The boss thanked the new manager and then turned to the young man, who slumped his shoulders and said “I understand” as he walked out of the office. 

In our company, we tell this story to illustrate our corporate culture that we expect people to pay attention to the details, to take ownership in their assignments and responsibilities, to get things done and to make things happen. We are not just looking for people to execute what we tell them to do. Even more, we expect people to think and to innovate, and find better ways to accomplish the things that really matter than what we even asked them to do. Also, the best way to be successful is to help others be successful.  We let people know that we don’t give raises and promotions based on how long someone has been with the company, or for “doing their job”. Instead, we give raises and promotions based on how people have exceeded our expectations and helped to drive the growth of the organization.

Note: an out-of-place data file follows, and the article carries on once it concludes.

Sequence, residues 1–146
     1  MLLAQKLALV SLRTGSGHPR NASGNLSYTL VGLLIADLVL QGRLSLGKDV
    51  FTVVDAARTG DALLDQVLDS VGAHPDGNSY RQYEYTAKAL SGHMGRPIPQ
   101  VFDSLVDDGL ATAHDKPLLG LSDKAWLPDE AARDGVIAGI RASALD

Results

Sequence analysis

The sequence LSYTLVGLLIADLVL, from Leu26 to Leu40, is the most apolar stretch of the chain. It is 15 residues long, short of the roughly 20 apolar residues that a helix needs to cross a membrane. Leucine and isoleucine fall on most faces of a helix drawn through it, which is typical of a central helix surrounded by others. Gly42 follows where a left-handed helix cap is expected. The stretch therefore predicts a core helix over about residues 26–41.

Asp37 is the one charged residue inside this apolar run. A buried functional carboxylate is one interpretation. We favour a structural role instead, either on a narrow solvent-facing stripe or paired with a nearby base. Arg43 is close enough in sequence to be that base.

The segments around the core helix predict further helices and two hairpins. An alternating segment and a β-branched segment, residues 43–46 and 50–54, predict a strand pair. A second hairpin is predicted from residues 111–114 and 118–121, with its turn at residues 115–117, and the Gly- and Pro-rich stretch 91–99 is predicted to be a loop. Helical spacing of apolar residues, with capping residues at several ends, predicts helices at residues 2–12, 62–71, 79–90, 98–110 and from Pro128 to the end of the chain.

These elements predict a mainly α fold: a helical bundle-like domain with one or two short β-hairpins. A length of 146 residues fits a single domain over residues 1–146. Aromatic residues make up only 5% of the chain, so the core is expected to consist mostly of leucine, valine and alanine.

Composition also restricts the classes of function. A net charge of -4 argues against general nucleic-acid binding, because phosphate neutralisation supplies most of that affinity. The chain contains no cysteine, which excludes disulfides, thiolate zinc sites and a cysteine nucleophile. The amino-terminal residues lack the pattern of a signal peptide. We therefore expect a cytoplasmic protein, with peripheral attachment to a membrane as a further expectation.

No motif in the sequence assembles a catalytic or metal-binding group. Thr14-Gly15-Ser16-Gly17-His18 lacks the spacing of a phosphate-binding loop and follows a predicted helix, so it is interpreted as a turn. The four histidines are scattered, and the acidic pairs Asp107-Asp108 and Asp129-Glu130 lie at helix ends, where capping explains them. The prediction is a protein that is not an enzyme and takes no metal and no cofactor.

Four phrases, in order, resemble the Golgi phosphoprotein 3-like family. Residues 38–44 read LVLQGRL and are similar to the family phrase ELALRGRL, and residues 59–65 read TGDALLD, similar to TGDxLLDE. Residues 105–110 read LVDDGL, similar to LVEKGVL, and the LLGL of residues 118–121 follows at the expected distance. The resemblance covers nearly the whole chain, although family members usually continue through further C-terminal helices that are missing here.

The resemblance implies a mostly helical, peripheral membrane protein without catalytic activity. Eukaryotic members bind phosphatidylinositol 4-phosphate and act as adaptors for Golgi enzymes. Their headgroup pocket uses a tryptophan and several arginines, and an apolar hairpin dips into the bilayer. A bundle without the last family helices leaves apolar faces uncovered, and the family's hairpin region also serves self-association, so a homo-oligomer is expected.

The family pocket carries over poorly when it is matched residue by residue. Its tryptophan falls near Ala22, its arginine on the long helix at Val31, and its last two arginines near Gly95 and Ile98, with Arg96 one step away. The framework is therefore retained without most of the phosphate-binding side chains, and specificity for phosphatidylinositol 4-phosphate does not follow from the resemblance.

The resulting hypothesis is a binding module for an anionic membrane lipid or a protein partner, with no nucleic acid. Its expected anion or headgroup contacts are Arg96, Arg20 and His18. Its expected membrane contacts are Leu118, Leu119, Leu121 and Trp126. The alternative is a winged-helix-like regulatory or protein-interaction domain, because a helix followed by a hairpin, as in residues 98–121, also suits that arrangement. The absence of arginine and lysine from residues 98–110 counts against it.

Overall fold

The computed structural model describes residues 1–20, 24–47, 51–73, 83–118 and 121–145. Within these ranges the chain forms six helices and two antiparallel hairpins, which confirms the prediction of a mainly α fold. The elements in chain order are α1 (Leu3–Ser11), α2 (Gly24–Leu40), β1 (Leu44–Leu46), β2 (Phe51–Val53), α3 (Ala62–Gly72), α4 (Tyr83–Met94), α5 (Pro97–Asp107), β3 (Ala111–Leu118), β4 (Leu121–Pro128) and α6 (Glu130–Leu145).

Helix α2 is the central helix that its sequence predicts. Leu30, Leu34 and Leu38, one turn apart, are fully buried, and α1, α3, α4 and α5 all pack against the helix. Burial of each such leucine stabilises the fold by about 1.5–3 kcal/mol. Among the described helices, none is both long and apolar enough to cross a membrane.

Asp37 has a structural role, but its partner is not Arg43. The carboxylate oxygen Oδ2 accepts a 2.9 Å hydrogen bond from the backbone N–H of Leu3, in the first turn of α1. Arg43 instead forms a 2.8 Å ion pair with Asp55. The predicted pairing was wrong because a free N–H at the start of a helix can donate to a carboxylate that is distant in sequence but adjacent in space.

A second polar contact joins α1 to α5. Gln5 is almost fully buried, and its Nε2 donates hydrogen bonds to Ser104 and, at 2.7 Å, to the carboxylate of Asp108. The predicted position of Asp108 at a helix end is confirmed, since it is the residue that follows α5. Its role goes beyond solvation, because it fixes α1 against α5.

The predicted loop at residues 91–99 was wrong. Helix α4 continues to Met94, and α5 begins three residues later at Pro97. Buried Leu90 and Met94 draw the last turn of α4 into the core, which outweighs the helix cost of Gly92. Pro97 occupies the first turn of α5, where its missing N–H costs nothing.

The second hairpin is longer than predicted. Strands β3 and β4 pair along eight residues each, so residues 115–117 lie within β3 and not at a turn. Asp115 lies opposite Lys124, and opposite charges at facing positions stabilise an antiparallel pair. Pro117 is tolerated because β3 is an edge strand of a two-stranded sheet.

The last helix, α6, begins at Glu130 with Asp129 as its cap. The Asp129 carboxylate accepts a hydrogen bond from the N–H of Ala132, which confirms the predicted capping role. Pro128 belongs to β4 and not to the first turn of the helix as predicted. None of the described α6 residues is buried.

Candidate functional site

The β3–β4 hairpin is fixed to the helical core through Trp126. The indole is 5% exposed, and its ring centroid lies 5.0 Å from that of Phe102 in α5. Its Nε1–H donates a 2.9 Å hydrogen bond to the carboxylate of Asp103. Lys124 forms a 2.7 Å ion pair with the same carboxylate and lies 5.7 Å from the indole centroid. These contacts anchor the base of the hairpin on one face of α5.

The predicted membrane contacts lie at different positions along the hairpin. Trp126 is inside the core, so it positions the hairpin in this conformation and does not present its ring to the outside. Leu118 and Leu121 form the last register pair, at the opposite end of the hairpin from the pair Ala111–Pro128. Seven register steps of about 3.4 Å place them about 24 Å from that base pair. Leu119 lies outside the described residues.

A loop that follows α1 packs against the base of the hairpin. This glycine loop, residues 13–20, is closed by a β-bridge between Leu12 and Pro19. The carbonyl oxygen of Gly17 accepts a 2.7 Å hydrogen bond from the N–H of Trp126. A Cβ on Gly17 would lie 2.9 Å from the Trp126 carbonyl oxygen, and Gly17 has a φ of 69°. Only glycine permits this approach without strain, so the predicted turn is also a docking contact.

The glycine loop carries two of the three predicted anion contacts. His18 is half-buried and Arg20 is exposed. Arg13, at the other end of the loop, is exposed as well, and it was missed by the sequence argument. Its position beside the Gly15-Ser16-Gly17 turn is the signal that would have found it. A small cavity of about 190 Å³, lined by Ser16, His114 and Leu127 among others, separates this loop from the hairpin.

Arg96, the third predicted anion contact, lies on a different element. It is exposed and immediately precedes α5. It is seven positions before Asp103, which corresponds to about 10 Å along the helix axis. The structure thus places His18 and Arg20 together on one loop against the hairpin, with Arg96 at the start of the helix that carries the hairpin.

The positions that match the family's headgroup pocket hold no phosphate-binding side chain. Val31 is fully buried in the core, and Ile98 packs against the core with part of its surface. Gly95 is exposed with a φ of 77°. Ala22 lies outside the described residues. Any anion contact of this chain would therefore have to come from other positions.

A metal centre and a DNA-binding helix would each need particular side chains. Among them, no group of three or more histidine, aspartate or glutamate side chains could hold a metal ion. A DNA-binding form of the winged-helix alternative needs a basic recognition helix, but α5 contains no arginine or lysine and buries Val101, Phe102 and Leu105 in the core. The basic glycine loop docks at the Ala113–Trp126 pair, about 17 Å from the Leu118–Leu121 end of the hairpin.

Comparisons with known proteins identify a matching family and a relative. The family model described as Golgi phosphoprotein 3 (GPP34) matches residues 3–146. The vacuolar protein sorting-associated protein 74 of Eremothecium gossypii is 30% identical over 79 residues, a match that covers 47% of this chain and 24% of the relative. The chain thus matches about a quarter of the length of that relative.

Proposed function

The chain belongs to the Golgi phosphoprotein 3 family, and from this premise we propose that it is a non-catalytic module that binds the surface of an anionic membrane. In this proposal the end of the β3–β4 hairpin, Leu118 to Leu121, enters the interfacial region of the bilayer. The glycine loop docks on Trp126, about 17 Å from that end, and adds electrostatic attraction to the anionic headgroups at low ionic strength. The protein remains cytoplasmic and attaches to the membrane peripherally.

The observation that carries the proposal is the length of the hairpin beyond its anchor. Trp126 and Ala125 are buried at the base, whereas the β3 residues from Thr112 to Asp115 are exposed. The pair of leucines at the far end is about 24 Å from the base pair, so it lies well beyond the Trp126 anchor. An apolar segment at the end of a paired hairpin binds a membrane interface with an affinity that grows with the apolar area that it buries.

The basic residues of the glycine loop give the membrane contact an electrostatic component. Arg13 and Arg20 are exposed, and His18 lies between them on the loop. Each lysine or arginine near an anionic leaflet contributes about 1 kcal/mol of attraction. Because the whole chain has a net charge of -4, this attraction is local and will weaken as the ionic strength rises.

Key Takeaways

Here are some of the key takeaways from today’s episode.

1. Focusing on getting the right people on or off the bus first may be more important than figuring out where we’re going to drive the bus.

2. Hiring the right people is one of the most important things we can do as a CEO or entrepreneur.

3. Storytelling can be a very effective way to teach our team in a more engaging and memorable way that can cause longer-lasting change. 

4. We need to hire team members we can trust to take responsibility, get things done, and make things happen. 

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    About the author

    Nathan Gwilliam

    Nathan Gwilliam

    I help organizations navigate tectonic shifts that are transforming the business landscape, so they can optimize marketing, accelerate profits, and make a greater difference for good.